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Developing Personal and Business Skills and Leveraging Local Networks.

Personal Skills are very important for an individual’s overall growth in business, academics, social and spiritual life. When one has experienced personal growth, it is easier to handle other forms of development both business and Network.

Understanding Personal Skills, Business Skills and Networking

  • Skills

SKILL is an ability acquired or developed after you put in a lot of time and hard work in learning something.

A skill is the ability to do something well, a certain competence or proficiency. Skills are typically acquired or developed through direct experiences and training, and they can require sustained effort. 

  • Personal Skills

Personal skills are simply those skills that you possess and consider your strengths.  They are the things we are good at – our strengths, abilities, and attributes. Personal skills can be categorized into Soft skill and hard  Skill.

Soft skills are intangible qualities or attributes we possess that enhance our interactions with others. They can be related to our attitude, personality, emotions, habits, communication style, and social manners. Successful development of soft skills happens during our interactions with others (family, friends, and co-workers) and are fundamental to how well we build and manage our relationships.

 Technical skills are more specific and are often associated with a task or activity, most times job-related. They include certain abilities and knowledge about an area of focus and can be easily quantified and evaluated. Mostly learned through education, training, and on-the-job experience, hard skills can include computer literacy, project management, editing, or proficiency in a foreign language. These types of skills make us employable and allow us to tackle our job responsibilities.

Soft and hard skills complement each other and make up our arsenal of personal skills that demonstrate our capabilities.

  • Business Skills

Business skills are skills that help people improve the efficiency, performance and productivity of a business.

Both the business owner and the employees need to possess certain business skills to successful work on the business. Business skills helps people understand consumer and organizational behavior and use this information to promote the success of the business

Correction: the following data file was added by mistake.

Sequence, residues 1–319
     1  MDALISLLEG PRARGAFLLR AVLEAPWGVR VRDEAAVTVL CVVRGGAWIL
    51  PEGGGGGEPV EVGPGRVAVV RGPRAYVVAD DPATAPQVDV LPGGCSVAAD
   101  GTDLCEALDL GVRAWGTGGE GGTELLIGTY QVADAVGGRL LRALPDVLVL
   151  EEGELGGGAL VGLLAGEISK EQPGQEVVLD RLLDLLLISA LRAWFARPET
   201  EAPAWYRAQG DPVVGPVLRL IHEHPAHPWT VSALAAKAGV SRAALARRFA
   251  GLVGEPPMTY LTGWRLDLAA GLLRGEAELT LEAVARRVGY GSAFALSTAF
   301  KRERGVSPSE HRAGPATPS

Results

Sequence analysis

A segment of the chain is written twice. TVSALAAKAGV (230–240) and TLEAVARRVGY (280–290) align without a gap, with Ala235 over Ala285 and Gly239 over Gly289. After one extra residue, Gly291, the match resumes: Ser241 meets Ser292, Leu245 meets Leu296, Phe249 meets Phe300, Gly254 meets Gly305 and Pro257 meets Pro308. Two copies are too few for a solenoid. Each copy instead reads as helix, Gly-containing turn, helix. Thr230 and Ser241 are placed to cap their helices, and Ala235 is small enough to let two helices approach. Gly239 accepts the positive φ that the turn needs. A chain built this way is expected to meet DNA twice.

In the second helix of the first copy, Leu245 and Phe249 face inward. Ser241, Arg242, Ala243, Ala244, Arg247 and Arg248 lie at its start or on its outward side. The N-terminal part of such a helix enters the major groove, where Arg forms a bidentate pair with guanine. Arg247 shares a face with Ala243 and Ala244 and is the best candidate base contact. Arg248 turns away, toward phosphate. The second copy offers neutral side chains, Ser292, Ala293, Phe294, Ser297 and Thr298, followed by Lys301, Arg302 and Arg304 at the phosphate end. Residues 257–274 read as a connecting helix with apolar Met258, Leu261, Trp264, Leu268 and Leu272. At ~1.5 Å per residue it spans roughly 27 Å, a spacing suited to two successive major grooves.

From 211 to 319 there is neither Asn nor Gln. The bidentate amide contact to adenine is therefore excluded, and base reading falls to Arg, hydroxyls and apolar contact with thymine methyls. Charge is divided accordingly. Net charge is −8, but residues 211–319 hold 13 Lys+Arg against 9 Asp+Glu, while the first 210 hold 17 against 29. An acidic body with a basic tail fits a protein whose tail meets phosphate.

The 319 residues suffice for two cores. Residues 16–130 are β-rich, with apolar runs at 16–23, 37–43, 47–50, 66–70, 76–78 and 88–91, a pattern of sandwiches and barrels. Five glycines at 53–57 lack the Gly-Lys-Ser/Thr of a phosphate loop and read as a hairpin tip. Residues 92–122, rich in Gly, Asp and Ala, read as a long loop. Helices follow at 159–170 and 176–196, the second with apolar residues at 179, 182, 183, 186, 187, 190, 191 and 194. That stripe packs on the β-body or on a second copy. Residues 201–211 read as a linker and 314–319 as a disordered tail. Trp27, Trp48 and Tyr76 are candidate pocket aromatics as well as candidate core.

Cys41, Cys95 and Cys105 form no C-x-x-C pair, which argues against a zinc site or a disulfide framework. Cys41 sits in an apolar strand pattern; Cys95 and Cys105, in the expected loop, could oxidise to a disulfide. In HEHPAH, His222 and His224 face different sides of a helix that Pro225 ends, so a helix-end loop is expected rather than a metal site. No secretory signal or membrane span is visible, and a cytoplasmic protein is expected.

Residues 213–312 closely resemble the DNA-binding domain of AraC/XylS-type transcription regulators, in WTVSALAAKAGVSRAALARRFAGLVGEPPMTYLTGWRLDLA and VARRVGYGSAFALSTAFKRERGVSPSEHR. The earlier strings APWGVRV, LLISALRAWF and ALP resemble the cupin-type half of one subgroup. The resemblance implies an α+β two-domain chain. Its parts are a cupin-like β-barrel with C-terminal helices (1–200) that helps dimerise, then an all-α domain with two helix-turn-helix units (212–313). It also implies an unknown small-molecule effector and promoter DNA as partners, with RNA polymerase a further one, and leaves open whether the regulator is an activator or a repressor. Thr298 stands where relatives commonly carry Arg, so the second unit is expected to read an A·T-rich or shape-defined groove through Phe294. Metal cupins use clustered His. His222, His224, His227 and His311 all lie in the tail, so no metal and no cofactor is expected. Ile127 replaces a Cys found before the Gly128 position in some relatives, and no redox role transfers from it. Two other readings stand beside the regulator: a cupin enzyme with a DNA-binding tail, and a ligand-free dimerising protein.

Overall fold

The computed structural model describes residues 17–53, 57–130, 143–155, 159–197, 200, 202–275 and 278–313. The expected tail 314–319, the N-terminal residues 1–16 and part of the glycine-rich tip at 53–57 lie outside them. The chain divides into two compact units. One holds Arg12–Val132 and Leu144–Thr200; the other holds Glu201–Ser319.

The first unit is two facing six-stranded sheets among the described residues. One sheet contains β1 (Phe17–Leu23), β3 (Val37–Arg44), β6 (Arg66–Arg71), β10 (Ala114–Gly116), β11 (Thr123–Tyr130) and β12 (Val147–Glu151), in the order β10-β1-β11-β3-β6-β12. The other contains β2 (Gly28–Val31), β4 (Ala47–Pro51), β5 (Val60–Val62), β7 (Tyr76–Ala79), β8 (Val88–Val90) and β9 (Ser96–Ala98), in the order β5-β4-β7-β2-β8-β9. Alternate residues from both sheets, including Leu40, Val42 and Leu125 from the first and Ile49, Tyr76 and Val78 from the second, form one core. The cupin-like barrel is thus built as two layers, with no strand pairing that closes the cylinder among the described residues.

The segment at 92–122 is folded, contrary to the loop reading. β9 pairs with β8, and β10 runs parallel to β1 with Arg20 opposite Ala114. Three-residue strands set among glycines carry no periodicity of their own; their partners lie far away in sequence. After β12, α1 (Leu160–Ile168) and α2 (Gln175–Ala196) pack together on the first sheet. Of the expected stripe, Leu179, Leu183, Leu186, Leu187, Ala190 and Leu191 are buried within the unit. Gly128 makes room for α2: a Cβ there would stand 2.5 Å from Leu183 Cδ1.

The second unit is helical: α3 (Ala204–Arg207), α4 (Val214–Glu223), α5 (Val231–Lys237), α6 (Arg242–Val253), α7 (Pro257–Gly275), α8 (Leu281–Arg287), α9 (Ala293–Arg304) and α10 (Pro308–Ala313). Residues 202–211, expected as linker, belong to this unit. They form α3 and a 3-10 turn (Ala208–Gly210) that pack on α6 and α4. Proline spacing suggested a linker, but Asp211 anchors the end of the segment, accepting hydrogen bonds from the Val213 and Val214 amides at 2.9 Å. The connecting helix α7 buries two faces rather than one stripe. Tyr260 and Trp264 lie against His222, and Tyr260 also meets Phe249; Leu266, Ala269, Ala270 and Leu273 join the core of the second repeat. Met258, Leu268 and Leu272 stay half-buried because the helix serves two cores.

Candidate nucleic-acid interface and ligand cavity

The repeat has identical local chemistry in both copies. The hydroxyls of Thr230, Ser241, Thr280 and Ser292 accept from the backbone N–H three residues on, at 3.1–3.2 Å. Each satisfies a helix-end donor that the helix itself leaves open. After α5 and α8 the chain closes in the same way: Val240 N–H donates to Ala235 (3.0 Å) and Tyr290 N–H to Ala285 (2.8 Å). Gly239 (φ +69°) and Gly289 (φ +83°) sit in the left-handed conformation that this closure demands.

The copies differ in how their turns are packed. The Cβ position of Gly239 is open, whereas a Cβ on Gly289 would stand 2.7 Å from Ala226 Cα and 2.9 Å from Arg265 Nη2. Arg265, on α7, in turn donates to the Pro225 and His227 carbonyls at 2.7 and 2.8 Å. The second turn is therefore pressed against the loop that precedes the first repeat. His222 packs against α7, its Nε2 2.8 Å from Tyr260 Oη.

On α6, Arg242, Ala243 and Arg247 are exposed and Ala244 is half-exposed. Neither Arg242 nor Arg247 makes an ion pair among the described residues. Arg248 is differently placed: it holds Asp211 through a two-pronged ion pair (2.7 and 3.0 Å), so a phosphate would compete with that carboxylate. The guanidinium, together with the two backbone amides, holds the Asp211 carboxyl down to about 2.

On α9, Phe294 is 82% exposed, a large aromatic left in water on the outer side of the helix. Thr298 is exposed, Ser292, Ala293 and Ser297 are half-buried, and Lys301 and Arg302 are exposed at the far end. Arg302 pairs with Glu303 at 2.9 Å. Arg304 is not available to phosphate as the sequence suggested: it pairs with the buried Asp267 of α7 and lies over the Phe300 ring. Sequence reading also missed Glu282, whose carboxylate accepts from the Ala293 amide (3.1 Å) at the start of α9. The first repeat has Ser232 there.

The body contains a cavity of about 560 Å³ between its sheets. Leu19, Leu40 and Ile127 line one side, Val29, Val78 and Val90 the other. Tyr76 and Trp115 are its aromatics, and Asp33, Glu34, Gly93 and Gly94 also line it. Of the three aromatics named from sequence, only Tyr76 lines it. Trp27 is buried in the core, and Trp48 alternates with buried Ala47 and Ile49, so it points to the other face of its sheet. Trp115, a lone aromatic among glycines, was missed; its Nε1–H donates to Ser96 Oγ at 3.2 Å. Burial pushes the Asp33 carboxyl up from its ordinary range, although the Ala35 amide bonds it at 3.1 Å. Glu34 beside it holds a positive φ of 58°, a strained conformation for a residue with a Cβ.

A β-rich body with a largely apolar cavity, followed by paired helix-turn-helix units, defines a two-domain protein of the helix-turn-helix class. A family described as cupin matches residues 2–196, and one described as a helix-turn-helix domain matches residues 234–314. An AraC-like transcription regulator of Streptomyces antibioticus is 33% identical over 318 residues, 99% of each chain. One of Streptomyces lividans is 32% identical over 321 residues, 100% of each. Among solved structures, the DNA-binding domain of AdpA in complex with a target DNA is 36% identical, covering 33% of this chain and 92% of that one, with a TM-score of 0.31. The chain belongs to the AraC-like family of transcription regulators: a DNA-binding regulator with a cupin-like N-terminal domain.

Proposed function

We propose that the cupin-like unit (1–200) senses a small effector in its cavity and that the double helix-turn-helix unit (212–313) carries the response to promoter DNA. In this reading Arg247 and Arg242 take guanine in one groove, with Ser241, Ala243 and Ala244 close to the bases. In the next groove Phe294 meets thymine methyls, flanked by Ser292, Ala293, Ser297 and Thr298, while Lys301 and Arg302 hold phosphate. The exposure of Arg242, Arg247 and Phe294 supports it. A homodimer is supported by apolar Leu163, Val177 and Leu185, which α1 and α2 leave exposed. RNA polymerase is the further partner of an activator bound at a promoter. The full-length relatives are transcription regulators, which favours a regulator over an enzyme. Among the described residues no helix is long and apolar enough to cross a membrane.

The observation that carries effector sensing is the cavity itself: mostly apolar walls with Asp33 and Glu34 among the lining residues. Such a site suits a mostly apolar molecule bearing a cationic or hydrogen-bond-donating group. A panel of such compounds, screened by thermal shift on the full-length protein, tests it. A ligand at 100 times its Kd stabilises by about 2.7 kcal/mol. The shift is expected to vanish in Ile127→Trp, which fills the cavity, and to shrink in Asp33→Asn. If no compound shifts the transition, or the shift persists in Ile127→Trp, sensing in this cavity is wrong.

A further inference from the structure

Business skills cuts across both Soft and technical skills.

Specific examples of business skills include:

  • Time management skills
  • Team-building skills
  • Analytical skills
  • Negotiation skills
  • Problem-solving skills
  • Sales and marketing skills
  • Financial management skills
  • Networking

Networking is the exchange of information and ideas among people with a common profession or special interest, usually in an informal social setting. Networking often begins with a single point of common ground.

Networking is used by professionals to widen their circles of acquaintances, find out about opportunities, and to increase their awareness of news and trends in their fields. Business owners network to develop relationships with people and companies they may do business with in the future.

Developing the Personal and Business Skills:

  1. Overcome your fears
  2. Read
  3. Learn something new
  4. Ask for feedback
  5.  Observe others
  6.  Network
  7. Keep a journal
  8. Meditate
  9.  Get a mentor
  10. Research 
  11. Read business books
  12. Take a business skills course or class: 

Leveraging local networks

“If you want to go somewhere, it is best to find someone who has already been there.”
Robert Kiyosaki